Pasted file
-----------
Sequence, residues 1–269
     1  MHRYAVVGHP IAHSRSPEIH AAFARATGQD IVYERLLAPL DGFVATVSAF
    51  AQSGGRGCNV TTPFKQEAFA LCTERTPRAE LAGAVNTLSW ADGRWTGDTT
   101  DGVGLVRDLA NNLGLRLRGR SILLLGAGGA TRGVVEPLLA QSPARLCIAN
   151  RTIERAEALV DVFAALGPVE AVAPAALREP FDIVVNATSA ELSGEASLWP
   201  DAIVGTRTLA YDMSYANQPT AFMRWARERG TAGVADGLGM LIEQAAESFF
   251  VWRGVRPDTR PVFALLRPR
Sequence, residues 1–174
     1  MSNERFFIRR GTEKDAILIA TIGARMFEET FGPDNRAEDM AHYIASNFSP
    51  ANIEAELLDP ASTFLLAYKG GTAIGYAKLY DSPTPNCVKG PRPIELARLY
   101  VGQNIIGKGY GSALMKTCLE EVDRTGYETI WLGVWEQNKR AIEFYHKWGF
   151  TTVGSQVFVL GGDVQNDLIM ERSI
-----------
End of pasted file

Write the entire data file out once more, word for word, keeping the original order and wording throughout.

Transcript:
Sequence, residues 1–269
     1  MHRYAVVGHP IAHSRSPEIH AAFARATGQD IVYERLLAPL DGFVATVSAF
    51  AQSGGRGCNV TTPFKQEAFA LCTERTPRAE LAGAVNTLSW ADGRWTGDTT
   101  DGVGLVRDLA NNLGLRLRGR SILLLGAGGA TRGVVEPLLA QSPARLCIAN
   151  RTIERAEALV DVFAALGPVE AVAPAALREP FDIVVNATSA ELSGEASLWP
   201  DAIVGTRTLA YDMSYANQPT AFMRWARERG TAGVADGLGM LIEQAAESFF
   251  VWRGVRPDTR PVFALLRPR
Sequence, residues 1–174
     1  MSNERFFIRR GTEKDAILIA TIGARMFEET FGPDNRAEDM AHYIASNFSP
    51  ANIEAELLDP ASTFLLAYKG GTAIGYAKLY DSPTPNCVKG PRPIELARLY
   101  VGQNIIGKGY GSALMKTCLE EVDRTGYETI WLGVWEQNKR AIEFYHKWGF
   151  TTVGSQVFVL GGDVQNDLIM ERSI